Posted: 06 Apr 2012 04:00 AM PDT
What Is Dart?
Straight from the horse’s mouth (which is located here):
If that’s a great, steaming pile of mumbo-jumbo to you, allow me to paraphrase the above.
Single-inheritance: Classes can extend other classes, but only one at a time. This is a common structure in Object-Oriented Programming. A rare few languages support multiple-inheritance, but the general consensus is that that causes more problems than it solves, so most OOP languages go for single-inheritance.
Optionally typed means, as you may now guess, that you have the option declaring a type for variables. It’s as simple as this: you can leave the type off, and the compiler won’t do any extra checking. If you supply a type, then the compiler will help you out with errors. ActionScript is an example of another optionally typed language.
Reified generics: Generics are a language feature that allow you to type the elements of a collection. For example, an
Interfaces: An interface is a handy Object-Oriented technique. It defines a type without defining functionality. It’s uses are hard to sum up in a sentence or ten, suffice it to say that they are integral to advanced (and clean) Object-Oriented Programming techniques (namely design patterns). Once you grok interfaces, you’ll lament the lack of them in other languages.
Statically checked: This goes back to the typing thing. When typing is in use, a variable with a type is considered “statically typed,” and as such the type can’t be changed once it’s been declared. This allows the compiler (or “static checker”) to make assumptions about your intentions with your code; that is, if you declare a variable as a
So What Is Dart Really?
Yes, I had to provide the “official” explanation of Dart. But that may or may not satisfy you. Here’s what Dart is, with the typical web developer in mind.
So, whether or not Google gets its way, it is certainly possible to write Dart projects for the web today, and we’ll do just that by the end of this tutorial. Hopefully, along the way, I’ll convince you that Dart is actually pretty promising.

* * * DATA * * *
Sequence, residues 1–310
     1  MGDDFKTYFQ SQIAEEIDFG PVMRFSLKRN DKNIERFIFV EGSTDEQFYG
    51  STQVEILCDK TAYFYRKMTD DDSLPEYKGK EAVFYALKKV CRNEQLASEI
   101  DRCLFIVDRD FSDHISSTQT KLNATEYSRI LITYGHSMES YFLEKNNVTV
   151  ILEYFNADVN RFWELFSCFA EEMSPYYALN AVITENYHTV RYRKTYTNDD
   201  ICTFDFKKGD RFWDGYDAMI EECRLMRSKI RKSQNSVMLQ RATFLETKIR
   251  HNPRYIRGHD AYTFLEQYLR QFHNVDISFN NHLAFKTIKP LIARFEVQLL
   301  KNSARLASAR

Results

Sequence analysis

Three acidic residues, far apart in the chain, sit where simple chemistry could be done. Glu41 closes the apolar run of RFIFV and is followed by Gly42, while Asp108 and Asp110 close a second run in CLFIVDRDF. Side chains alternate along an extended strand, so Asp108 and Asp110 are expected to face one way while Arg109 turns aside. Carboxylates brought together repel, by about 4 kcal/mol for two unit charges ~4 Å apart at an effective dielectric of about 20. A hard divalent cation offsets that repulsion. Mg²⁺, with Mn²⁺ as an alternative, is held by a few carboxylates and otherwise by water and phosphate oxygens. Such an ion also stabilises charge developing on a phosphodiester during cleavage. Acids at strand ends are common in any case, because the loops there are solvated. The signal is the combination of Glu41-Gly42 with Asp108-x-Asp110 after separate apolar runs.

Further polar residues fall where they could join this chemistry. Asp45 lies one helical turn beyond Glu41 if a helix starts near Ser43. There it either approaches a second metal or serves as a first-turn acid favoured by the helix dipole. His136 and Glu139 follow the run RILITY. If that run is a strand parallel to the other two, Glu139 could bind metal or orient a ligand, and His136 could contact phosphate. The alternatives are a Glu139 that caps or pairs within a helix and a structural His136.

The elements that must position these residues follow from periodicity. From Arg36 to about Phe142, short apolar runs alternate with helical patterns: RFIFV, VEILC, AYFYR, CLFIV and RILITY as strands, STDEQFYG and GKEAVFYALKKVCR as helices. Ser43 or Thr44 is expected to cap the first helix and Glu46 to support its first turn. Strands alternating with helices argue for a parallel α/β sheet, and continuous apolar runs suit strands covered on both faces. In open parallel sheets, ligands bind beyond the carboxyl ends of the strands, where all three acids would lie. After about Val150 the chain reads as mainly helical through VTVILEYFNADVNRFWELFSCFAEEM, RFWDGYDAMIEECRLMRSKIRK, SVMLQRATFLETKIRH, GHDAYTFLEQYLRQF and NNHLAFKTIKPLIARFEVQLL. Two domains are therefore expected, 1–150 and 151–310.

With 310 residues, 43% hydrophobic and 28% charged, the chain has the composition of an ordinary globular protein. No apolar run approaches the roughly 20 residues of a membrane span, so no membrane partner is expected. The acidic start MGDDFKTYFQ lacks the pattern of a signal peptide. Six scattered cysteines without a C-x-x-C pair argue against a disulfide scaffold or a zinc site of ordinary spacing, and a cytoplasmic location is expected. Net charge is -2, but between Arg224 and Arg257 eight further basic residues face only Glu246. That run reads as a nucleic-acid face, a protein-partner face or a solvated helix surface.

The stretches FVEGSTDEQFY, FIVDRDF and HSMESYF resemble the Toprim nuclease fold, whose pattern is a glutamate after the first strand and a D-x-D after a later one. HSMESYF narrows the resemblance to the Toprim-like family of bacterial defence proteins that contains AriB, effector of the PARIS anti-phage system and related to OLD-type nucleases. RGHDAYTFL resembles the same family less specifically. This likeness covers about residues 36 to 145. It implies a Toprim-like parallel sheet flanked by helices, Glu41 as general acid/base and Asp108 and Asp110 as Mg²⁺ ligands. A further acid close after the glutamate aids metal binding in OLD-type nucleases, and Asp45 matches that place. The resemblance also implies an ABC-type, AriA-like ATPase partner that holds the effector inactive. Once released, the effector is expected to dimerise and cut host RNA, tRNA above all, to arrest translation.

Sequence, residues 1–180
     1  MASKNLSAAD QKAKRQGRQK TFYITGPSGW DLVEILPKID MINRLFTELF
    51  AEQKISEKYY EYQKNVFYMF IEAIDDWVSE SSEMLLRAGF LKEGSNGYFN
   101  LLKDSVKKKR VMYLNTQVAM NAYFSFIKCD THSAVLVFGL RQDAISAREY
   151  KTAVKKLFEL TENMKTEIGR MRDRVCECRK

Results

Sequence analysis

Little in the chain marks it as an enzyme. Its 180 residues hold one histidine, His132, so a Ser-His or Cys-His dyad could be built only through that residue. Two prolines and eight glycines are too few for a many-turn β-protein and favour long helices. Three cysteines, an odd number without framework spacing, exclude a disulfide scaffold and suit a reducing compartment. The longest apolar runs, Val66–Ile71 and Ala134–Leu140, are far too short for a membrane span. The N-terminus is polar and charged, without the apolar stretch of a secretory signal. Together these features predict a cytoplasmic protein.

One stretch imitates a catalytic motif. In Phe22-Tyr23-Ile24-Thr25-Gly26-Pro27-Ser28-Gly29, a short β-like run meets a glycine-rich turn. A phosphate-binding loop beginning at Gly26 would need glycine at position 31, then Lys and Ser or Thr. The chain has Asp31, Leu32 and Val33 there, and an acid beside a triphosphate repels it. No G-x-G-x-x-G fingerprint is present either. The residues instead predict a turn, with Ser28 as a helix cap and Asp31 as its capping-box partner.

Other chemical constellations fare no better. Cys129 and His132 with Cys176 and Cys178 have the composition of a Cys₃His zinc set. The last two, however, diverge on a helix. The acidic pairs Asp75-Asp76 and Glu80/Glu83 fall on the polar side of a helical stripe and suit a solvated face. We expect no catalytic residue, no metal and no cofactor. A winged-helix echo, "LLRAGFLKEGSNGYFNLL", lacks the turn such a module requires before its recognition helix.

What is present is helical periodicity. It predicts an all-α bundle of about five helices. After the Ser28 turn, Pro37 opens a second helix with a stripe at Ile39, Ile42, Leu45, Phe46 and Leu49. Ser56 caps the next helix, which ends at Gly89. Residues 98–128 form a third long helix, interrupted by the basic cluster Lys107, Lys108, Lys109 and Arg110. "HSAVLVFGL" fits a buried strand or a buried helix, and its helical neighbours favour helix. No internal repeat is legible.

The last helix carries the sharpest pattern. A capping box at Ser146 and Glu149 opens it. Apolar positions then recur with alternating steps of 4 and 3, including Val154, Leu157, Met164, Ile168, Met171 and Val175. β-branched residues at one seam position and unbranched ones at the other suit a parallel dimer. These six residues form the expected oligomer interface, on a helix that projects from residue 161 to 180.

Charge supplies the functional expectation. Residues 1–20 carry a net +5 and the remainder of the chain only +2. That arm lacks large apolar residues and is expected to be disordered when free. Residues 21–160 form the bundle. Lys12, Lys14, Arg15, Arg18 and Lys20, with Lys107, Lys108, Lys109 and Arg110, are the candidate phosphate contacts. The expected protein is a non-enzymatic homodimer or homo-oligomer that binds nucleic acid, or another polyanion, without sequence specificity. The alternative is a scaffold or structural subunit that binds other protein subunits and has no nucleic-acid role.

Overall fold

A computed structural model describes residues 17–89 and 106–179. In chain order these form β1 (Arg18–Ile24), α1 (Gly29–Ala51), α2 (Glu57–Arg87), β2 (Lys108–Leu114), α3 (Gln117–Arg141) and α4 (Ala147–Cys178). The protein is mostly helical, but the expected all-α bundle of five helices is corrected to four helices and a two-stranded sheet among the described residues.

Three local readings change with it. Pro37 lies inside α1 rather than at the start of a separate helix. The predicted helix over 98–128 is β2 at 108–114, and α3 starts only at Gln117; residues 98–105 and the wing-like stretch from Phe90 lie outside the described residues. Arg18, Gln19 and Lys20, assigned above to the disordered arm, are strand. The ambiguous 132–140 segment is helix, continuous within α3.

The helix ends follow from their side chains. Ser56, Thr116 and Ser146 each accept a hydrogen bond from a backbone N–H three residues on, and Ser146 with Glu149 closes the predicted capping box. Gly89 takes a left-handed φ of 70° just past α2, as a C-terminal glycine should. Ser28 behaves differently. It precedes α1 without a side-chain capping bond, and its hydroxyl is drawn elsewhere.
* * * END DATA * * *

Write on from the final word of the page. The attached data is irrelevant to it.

What’s Wrong With Dart?
Lastly, Dart is currently in development. That’s exciting, and it’s not something “wrong” with Dart per se, but if you start developing in Dart now, there’s a certain chance that the API will change, or that things won’t be documented fully or correctly, and the amount of information on the web is less than, say, the amount you can find about jQuery. It’s bleeding edge, and that may not be for you, or for a given project.
What’s Awesome About Dart?
At the same time, it’s bleeding edge, and that’s awesome. Investing in a little time now to learn Dart could put in a nice place once Dart is more stable. If you get involved now, you even have the opportunity to help shape the language. The Dart mailing list on Google Groups often has some back-and-forth between people suggesting ideas and Google engineers responding to that idea. Often user-contributed ideas are considered and it’s not uncommon to see them incorporated.
I’ve already discussed the advantages of a typed, object-oriented language, and it probably goes without saying that those traits are also awesome.
Should You Care?
This is, of course, a loaded question, and I’d be inviting a comment-based Inquisition no matter how I answer. But answer I shall.
You’ll probably already care, or not care, depending on how much you’re bothered by Dart’s problems, or excited by Dart’s advantages. The previous two steps give you plenty of information the lead you to your own conclusion.
Having said that, I feel it’s always worth learning about new stuff. You may learn that the new thing isn’t worth your time, but you should formulate that opinion on your own, through experience. We’ll provide some experience in this tutorial, so if you’re feeling adventurous, get ready for Dart.
This brief discussion of Dart has hopefully sparked your interest in this new language that may or may not take the web by storm. If you’d like to try it out, take a look at my Facebook-exclusive tutorial that will get your hands dirty with a simple Dart project.
(If you’re not on Facebook, don’t worry. The tutorial will be on the main Activetuts+ site eventually, and we have plenty more Dart content lined up in the mean time.)
Thanks for reading! Share your opinions about Dart in the comments.
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